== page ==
a dog is one of the most rewarding experiences a person
can have. However, there are times when your best friend
becomes your neighbors' and your worst enemy. Nuisance barking
can turn a neighborhood into a war zone with neighbor fighting
with neighbor. Everyone has the right to live in peace without
the ominous sounds of barking resonating throughout a neighborhood.
The owners of the offending noisemaker are at a loss because
they have not been given the proper tools to either stop
this problem from happening at the onset or what to do when
it becomes a full-blown problem. Then abuse sets in. Not
knowing what to do they chain the dog up, yell at him/her,
hit and do other things that only make the problem worse.
I would like to give you some suggestions on why it happens
and how to correct it.
Nuisance barking usually has many causes. These causes are
never the dog's fault. He is only reacting to the environment
that he/she has been taught to live in. Now that we have
concluded that it is not his/her fault, I shall direct the
causes to the humans in his/her life, which prompts this
obnoxious behavior. The following three causes are the most
common and the easiest to fix when your using the proper
tools and methodology.
The most common cause of nuisance barking is the lack or
proper amount of exercise the dog receives. Many people
are under the assumption that if they have a backyard, a
dog run or large acreage property and when the dog is put
out in these areas this constitutes exercise. This is a
popular misconception. A dog must receive proper exercise.
When he/she does not receive the proper exercise he/she
becomes bored and develops bad habits. Habits such as pacing,
nervousness, agitation, running around in circles, and of
course the most offending and most blatant - nuisance barking.
The second most common cause of nuisance barking is the
lack of mental exercise a dog is given. When a dog is not
allowed to use his mind, he becomes a vegetable. The dog
knowing something is wrong with this lack
of mental stimulation reacts the only way he/she knows how
to and that is by barking. The barking acts as stimulation
for the mind because the dog is now pretending environmental
activity is happening and he is a part of it. He is answering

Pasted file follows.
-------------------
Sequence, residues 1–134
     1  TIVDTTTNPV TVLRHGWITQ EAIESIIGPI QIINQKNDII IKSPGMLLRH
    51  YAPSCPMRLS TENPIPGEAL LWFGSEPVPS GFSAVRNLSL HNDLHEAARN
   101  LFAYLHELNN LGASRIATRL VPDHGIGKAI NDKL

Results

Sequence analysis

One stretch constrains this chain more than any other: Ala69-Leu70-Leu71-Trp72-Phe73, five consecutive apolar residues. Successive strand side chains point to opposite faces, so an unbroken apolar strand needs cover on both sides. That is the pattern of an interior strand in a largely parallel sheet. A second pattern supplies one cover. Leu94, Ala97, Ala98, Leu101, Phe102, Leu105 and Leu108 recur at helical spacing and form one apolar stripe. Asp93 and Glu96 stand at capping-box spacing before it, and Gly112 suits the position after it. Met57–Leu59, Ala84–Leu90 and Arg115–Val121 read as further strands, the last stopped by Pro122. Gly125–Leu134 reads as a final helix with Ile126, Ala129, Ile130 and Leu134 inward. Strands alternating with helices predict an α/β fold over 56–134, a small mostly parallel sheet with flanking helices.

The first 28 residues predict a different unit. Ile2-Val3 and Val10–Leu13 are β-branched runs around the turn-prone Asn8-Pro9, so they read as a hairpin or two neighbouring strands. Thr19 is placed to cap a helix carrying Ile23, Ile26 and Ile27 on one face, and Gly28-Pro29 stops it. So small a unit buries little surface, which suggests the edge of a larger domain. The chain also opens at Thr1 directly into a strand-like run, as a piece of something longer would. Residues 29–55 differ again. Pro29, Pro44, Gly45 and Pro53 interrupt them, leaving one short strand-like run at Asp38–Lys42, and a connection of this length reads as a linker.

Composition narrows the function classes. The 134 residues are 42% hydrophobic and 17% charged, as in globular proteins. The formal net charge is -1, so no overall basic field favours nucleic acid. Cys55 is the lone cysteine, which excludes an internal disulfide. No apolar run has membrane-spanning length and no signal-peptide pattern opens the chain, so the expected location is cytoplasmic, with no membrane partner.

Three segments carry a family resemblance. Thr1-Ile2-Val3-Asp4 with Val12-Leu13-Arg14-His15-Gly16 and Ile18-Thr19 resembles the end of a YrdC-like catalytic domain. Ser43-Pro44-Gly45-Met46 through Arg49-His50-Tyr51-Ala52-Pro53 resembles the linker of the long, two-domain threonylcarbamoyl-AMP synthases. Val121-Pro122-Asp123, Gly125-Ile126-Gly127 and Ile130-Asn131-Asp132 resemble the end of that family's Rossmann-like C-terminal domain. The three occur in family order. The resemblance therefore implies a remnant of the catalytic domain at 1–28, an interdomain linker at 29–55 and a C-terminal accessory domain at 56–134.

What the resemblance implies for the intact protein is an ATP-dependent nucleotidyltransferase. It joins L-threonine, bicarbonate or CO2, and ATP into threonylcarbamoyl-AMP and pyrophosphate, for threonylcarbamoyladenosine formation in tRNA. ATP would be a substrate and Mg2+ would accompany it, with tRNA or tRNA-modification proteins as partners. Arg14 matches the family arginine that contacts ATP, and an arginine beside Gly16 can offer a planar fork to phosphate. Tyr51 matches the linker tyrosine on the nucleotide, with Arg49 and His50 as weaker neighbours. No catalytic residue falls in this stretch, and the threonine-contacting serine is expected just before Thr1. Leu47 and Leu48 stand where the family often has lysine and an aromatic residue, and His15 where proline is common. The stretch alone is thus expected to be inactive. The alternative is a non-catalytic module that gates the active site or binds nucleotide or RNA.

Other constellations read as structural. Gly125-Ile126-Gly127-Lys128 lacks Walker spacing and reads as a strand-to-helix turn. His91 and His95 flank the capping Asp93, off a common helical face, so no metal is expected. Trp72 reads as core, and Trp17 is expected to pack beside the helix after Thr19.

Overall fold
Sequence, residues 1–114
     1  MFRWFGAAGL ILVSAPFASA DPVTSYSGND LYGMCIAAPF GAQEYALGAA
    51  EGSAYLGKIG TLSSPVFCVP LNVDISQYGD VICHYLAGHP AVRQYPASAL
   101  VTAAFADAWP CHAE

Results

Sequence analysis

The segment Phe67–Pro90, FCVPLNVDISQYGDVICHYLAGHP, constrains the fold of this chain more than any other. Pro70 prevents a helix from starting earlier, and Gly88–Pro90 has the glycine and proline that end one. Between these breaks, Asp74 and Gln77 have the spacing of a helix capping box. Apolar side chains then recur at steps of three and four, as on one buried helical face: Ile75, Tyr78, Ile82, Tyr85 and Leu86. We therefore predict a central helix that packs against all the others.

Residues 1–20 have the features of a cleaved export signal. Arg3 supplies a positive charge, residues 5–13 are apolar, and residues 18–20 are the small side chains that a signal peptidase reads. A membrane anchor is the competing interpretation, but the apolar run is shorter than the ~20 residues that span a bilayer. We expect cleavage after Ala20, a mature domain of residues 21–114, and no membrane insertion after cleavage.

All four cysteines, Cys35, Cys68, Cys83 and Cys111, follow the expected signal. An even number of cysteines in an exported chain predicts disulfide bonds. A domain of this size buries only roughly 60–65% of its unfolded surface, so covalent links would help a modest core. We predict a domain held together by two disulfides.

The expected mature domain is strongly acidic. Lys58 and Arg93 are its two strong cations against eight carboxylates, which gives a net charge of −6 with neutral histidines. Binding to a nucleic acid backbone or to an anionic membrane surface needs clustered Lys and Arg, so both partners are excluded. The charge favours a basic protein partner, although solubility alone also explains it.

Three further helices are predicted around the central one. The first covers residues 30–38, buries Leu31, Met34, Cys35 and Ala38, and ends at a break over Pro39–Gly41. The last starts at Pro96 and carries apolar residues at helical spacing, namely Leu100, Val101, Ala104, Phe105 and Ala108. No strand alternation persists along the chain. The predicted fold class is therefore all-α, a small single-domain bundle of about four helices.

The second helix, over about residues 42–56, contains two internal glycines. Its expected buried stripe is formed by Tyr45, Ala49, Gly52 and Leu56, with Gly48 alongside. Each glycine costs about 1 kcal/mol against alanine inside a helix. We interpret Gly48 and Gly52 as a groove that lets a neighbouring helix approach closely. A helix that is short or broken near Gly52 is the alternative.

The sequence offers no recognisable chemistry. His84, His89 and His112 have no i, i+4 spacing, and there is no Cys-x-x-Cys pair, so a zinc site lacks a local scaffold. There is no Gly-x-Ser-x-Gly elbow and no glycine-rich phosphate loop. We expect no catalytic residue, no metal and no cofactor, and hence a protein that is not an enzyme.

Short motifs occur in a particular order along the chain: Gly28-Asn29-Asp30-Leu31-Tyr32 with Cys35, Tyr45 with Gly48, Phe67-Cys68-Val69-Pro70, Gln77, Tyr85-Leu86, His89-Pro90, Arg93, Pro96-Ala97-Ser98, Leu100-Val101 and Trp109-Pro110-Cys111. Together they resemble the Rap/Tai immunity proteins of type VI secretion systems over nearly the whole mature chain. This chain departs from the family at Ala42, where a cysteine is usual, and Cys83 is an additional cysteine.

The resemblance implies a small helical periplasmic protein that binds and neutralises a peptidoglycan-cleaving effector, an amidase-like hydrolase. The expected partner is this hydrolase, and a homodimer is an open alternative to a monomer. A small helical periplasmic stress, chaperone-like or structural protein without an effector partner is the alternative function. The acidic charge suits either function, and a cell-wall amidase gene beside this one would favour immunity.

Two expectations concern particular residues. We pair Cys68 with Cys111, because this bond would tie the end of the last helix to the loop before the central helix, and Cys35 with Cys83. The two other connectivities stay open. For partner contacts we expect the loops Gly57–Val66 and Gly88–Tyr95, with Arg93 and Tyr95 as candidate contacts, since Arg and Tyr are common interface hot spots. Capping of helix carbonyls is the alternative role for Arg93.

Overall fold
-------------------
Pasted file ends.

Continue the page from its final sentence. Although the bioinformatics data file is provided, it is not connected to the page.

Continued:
this environmental activity (whether real or imagined) with
the overt act of barking.
Boredom is right up there with the causes one and two. Toys
that are placed in a yard soon become passé and a
dreary reminder of the lack of no other games to play except
with the same old toys. Out of frustration to find other
items to keep himself/herself mentally stimulated the dog
invents his/her own games. Barking, pulling up roots, digging
holes, tearing up flowerbeds and the list goes on and on.
Each dog exhibits their own flavor of neurotic behaviors
but they all boil down to one fact, BOREDOM.
I have developed a surefire way to solve the problem. Due
to space requirements, I will try to succinctly summarize
the solutions for you.
1 - Depending on the size of the dog, make a long lead
out o rope. For dogs fifty pounds or less, use a 50' rope.
For dogs over 50 pounds, use a 100' rope. Pick yourself
up a pair of those cheap brown gloves sold in a hardware
store. The gloves are used so when the rope-lead goes through
your hands, if at a specific instant the dog decides to
run and play you will not get a rope burn.
2 - Every day, for ten days straight, take your dog
to a field and let him be a dog. Attach him to the lead
and let him investigate, run, and be himself in that field.
Set the time aside so he can exhaust himself mentally checking
out his new surroundings and physically by running. While
you are doing this, over the days, you will see a major
decrease in the nuisance barking and the destructive behaviors.
In fact, your dog because he is now being stimulated mentally
and physically will have a healthier outlook on his environment.
You will know when to leave the field by the fact that your
dog is physically exhausted and he will show you this by
lying down. Do not remove him from the field after the first
lay down. Encourage him to get up and play more. Do this
also on the second lay down. On the third time, your dog
is ready to go home. By the way never take your dog anywhere
without an adequate supply of water and a bowl.
3 - After ten days do not take him to the field. In
fact, he should not go back into that field until you start
to see some of the old neurotic behaviors surface again.
As soon as you see an inkling of the old behaviors come
back you know it is time to go back to the field again.
For example, if it takes two days for the original behaviors
to surface you know that every second day your dog must
be taken to that field for the proper amount of exercise.
He has now indicated to you that his body and mind must
be refreshed every two days. Once you have established his
baseline, do not let the field become another backyard.
Find different fields and keep alternating them for your
dog's day out. This way he will not become bored, again.
This system which is guaranteed to work and it will not
only stop the nuisance barking, stop the destructive behaviors,
but will allow your dog to be happier because he is now
experiencing a better lifestyle. More active physically
and mentally which stops the bad behaviors and your dog
will be calmer and easier to live with. In addition, most
importantly, your dog will be happier.
by Neal Seaman